MISSING OUT   Parents missing out on state pension should have national insurance contributions boosted, urges government think tank

PARENTS who are missing out on their state pension should have their national insurance contributions boosted, a government think tank has urged.

The Office for Tax Simplification (OTS) says it would help the tens of thousands of parents who took time off work to care for children and add up to £30,000 to their retirement fund.

To claim a state pension, you need 35 years worth of National Insurance contributions (NICs), which you typically build up by working, to get the full amount of £8,767.20 a year.

But where parents are out of work because they're caring for children, they may still be able to claim these NICs.

The problem is, that rules introduced in January 2013 say that if parents don't claim child benefit, they won't get these vital NICs.

It means that those who don't claim the benefit while they're not working will end up with a smaller state pension pot compared to if they'd stayed in a job.

 

The issue largely affects stay-at-home parents, usually mums, whose partner claims child benefits on behalf of the family - as here the government doesn't know that the mum is missing out on NICs and the partner is claiming despite already getting NICs from work.

It also impacts families that don't bother claiming the benefit because one parent earns more than the £50,000 per parent threshold and as a result are considered a higher earner.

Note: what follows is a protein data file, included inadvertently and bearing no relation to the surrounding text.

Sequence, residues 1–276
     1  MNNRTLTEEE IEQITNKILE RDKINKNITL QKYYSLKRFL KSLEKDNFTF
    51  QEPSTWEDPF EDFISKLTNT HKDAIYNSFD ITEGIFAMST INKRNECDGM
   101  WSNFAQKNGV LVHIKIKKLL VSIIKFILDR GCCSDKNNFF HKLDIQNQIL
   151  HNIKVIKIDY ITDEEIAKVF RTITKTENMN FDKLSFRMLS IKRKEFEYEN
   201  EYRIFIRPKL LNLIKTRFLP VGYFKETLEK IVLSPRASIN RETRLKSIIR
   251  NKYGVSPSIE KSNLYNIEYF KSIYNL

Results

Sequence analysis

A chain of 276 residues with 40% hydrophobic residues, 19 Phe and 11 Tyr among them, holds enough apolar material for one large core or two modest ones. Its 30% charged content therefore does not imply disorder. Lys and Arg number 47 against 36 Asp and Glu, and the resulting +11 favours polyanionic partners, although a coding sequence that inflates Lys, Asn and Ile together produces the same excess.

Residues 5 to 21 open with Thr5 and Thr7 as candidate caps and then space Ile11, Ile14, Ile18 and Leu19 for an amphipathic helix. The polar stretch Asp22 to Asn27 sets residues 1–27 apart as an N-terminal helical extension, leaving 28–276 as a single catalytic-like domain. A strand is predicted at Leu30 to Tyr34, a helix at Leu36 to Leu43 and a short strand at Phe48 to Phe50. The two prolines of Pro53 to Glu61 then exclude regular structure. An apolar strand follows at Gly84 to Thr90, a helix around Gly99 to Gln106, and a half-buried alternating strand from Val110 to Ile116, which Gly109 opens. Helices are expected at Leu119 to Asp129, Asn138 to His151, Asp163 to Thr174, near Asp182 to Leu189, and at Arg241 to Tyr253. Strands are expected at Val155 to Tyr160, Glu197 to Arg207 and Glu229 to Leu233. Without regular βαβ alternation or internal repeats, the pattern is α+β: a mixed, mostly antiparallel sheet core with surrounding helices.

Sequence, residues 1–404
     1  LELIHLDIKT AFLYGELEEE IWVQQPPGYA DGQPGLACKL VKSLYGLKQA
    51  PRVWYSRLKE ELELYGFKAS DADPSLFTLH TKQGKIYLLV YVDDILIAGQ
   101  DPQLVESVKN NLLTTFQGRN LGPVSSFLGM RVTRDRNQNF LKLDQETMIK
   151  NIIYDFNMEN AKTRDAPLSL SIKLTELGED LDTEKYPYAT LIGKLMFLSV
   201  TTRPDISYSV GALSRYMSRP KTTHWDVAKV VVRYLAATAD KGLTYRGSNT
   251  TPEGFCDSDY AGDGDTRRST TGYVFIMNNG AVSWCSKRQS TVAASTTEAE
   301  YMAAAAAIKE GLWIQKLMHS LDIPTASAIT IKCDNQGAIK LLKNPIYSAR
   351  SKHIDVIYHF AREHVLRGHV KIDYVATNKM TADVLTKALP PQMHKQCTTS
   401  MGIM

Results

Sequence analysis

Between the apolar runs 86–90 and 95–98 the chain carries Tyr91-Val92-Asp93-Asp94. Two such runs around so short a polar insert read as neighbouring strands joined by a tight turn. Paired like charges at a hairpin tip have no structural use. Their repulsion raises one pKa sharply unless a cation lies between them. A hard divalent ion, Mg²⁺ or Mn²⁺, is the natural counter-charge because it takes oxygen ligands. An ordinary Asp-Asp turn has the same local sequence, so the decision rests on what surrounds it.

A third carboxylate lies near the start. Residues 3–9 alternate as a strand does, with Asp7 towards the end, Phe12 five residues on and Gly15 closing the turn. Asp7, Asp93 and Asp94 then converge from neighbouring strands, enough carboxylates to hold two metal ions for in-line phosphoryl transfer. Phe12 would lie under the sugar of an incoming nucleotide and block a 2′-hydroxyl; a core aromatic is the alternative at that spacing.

A working parent who earns more than the threshold pays a higher rate of tax on the benefit - 1 percent for every £100 worth of income between £50,000 and £60,000, while at £60,000 they don't gain anything from the benefit at all.

Often, parents don't claim the welfare payment to avoid paying the tax but actually it leaves the stay-at-home parent worse off in retirement because they won't be able to claim NICs.

The OTS says that the confusing system doesn't make the impact of not claiming child benefit clear enough.

In its latest report, the think tank proposes that the government repays parents who missed out NICs over the past six years as a result.

As it stands, child benefit claims can only be back-dated by three months but the OTS suggests that this should be extended to 2013 when the rule change was introduced.

 

Commenting on the research, Steve Webb, director of policy at Royal London said: "Credits towards your state pension are of great value.

"It is quite wrong that if people find they have missed out they can only backdate by three months.

"Ultimately, the government needs to fix a broken system, but for now it needs to be easier for people to put things right when they have gone wrong."

The OTS also suggests that the government should consider an age cut-off or cap on the amount of NICs that can be restored if it does decide to go ahead and issue a back pay system.

It is also urging the government make the repercussions of not claiming the benefit more transparent.

A government spokesperson told The Sun that it has recently improved the child benefit forms included in Bounty Packs, which are given to parents after the birth of their child, to make them clearer.

It added: "[HMRC] is continuously considering ways in which communications can be improved further, both at the birth of a child and for existing child benefit claimants.

"It has therefore recently improved child benefit forms, guidance and communications, so that it better sets out the options to claim child benefit but elect not to receive payments."

Last week, we reported how the state pension is set to rise by 3.9 per cent in April giving pensioners an extra £343 a year.